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Limited Liability - why risk losing it on the basis of an implied contract?

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A recent decision by the Court of Appeal raises potential risks for companies (and their directors) who are part of a group, about the limited liability protections most companies take for granted. The decision could allow the use of the assets of a subsidiary within the group as security for the debts of the parent company. From the point of view of a potential purchaser, this opens up the possible danger of finding, post-completion, that a newly-acquired company has a commitment to pay towards the liabilities of the group.

The Facts

The case centred around whether a business arrangement between two subsidiary companies in the same group had created a contract between them which could be enforced. The two companies formed part of a group within the financial markets industry.  One subsidiary supplied staff to the remainder of the group on a not-for-profit charge-back arrangement, in line with written confirmation from the parent company to one of the subsidiaries, that this would be the arrangement. The case related to whether the arrangement meant that one of the subsidiaries had an obligation to indemnify the other for liabilities related to paying into a defined benefit pension scheme.

The Result

Although there was no written contract, the Court of Appeal came to a unanimous decision that there was an implied contract in place between the two companies which could be enforced by one or the other.  In its decision the court accepted that this type of arrangement was a normal course of dealing between large group companies and that with such arrangements, a contract would have been normal in the circumstances.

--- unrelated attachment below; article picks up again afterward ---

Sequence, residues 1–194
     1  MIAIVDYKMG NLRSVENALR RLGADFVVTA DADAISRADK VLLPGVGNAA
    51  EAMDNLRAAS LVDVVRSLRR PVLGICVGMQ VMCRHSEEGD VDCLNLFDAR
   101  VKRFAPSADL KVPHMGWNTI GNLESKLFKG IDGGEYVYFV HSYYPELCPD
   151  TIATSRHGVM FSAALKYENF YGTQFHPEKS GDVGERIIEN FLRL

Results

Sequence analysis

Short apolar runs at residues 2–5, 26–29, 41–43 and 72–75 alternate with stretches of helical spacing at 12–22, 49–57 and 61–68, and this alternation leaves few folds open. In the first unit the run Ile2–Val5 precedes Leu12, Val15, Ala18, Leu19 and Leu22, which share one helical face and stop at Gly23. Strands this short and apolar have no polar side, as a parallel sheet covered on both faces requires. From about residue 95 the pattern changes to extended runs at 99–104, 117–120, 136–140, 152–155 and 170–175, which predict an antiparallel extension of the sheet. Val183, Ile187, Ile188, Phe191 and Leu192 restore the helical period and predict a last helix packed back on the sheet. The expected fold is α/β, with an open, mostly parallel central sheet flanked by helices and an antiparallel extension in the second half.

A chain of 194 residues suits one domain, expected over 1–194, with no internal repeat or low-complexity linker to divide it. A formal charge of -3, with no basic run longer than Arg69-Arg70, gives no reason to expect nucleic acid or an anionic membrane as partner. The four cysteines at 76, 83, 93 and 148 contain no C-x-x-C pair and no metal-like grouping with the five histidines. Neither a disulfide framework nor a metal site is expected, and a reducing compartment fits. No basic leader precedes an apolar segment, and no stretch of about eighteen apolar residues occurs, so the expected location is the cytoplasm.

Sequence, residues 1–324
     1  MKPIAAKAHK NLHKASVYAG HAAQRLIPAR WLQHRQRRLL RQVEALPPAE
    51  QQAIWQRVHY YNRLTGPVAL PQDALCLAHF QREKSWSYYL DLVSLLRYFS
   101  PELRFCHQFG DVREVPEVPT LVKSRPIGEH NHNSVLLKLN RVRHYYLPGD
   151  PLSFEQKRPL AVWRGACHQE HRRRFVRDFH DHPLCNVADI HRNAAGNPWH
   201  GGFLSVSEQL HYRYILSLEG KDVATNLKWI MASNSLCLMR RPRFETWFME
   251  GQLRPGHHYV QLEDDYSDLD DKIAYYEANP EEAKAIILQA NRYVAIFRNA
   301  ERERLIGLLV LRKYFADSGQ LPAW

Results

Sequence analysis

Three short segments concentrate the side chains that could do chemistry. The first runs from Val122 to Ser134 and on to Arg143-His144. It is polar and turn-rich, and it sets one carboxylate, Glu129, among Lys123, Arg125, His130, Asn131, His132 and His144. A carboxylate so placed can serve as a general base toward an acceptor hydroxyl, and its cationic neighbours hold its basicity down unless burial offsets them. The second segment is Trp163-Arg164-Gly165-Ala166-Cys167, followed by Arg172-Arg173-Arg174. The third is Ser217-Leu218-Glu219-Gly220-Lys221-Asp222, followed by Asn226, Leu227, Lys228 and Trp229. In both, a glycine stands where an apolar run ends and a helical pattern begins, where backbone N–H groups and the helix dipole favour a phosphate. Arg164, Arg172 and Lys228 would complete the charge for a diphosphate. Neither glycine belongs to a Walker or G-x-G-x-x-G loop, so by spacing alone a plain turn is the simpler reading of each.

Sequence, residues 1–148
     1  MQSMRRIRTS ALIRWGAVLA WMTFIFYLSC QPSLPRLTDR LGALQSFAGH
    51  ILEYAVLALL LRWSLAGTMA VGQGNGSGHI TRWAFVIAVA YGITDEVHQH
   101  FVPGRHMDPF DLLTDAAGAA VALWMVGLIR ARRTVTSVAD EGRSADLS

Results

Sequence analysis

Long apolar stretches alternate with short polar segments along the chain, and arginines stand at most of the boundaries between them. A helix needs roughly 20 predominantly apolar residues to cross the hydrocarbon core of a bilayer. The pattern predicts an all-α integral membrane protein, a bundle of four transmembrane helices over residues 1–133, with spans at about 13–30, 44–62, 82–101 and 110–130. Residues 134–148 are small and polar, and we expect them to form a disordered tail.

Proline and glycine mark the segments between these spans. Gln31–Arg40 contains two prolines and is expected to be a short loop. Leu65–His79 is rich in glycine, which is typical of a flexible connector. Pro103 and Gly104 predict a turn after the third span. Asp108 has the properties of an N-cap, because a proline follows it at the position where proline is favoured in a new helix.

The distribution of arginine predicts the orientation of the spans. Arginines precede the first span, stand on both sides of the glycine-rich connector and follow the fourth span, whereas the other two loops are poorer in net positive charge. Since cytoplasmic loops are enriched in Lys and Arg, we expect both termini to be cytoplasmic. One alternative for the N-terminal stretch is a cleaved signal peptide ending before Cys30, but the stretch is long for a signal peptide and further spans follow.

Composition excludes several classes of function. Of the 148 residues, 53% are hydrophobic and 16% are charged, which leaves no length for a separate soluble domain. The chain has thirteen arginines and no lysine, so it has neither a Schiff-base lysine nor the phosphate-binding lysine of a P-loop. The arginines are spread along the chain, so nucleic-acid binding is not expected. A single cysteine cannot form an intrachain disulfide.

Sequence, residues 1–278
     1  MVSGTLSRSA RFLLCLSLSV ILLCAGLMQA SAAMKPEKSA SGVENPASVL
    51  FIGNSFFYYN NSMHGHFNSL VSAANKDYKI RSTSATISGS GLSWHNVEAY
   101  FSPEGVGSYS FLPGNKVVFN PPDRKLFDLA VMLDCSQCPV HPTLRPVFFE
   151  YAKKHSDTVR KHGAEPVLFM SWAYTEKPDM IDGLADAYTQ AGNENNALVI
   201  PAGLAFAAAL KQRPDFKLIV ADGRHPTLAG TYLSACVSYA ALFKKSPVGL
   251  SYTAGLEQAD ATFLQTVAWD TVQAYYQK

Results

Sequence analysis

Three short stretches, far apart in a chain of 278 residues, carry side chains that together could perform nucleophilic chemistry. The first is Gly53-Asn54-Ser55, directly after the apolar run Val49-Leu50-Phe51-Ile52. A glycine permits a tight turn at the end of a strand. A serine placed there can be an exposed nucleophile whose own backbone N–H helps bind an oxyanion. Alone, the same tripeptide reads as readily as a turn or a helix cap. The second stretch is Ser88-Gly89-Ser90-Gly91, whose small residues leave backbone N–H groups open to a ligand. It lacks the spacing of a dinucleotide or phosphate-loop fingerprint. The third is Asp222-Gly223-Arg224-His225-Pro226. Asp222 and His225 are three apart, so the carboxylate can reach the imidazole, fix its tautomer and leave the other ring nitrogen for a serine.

Wider Implications

It is also prudent to note the potential liability of the directors.  Directors owe a duty under the Companies Act to apply their independent judgment and promote the success of the company.  If a director of a subsidiary company decides to rely on the board of the holding company to make the decisions for its subsidiaries and so allows the subsidiary (to which he owes his fiduciary duties) to be used by the group for purposes which are not beneficial to that subsidiary, the director in question will not be fulfilling his duties to the company. Even within the circumstances of an intra-company arrangement, directors should still consider what protections they would have negotiated if they had been contracting with a company outside of the group and identify the benefit to the particular company.

This is not the only circumstance in which there could be an implied contract. A number of other functions are usually delegated to a subsidiary within a group on a not-for-profit charge-back arrangement; including, sales, purchasing and taking finance. These arrangements are not always evidenced with sufficient documentation putting the directors in charge at risk.

If you would like any advice please contact our Company Commercial team.

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